ArticlesA Food Lover's Guide
Are You Getting Enough Fruits and Vegetables Daily?
Pediatric Diseases and ConditionsHealthy Eating During Adolescence
Although most children love fruit juice, that tasty beverage has a price. Juice contains a lot of natural sugar, so drinking too much can lead to obesity, digestive problems, and tooth decay.
A typical 8-ounce glass of apple juice has 120 calories. Unless the juice is fortified with vitamin C and calcium, it contains negligible nutrients. Since juice tastes good, children often drink several glasses a day. When children are filling up on juice and skipping other nutrient-dense foods, they are at risk for obesity and malnutrition. Furthermore, many juices contain a lot of sorbitol, a natural sugar. Most sorbitol is not absorbed by the the intestines and can cause diarrhea, gas, and stomach pain. And even though white grape juice doesn't contain sorbitol, it still contains plenty of calories!
Instead of offering juice, offer your child whole fruit every day. The sugar in a piece of fruit is less concentrated, the fiber has not been removed, and fruit is more filling for the total calories it contains.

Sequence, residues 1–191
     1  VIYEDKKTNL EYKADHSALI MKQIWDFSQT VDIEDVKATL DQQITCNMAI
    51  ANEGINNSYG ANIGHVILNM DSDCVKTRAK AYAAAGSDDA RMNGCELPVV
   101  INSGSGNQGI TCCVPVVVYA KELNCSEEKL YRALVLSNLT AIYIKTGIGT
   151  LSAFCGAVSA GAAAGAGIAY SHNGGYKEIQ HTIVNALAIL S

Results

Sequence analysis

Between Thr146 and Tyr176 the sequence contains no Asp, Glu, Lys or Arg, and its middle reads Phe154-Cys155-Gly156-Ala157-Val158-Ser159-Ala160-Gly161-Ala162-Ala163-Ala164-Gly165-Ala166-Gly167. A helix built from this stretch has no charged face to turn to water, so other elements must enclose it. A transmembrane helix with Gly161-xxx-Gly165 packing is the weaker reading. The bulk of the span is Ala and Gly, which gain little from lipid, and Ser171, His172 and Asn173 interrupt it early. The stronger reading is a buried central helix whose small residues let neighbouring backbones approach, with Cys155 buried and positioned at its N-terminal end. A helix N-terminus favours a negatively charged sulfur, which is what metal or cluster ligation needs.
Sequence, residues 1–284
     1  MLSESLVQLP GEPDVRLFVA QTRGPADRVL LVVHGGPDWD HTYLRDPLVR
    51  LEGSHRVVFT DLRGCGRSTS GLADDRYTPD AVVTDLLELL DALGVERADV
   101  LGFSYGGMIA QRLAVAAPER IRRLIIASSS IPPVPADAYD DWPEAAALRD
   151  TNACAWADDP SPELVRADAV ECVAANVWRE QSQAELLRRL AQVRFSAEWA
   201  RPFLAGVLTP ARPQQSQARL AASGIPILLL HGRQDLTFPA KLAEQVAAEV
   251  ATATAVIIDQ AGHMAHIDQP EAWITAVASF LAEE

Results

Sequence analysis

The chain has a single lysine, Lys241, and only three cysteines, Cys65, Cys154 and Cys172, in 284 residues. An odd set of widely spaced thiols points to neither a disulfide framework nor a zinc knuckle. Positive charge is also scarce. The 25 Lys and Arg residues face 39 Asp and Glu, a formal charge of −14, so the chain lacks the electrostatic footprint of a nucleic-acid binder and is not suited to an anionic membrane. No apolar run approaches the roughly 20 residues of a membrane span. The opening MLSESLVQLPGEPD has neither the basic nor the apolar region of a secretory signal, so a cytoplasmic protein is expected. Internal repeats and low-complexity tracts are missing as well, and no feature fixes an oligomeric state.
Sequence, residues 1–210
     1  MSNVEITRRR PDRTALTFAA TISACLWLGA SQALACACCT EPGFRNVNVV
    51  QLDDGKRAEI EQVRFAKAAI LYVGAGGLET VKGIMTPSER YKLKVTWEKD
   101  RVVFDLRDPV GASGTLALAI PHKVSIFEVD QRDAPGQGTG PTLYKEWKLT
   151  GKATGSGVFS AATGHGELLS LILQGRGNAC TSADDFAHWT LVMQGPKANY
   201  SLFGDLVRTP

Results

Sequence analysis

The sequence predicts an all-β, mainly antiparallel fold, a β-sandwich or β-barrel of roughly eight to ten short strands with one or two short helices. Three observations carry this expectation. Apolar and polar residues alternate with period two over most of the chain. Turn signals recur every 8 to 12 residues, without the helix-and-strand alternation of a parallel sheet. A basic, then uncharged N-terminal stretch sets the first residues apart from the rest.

Limit preschoolers to 4 to 6 ounces of juice a day; 8 to 12 ounces for older children and teens, recommends the American Academy of Pediatrics.
Make sure kids drink 100 percent juice, not a fruit-flavored beverage. Remember that because of labeling laws, made with 100% real juice does not necessarily mean that the drink contains only pure juice. Read the label carefully to see if sugar, artificial flavors, or other substances were added.
Dilute juices with club soda or tap water.
Offer milk (1 percent or skim) and water instead of juice. You can try spicing up water with lemon or other fruit.
Limit carbonated drinks and soft drinks.
Choose citrus juices (orange and grapefruit) that are calcium fortified and don't contain added sugar. Citrus juices are naturally high in vitamin C.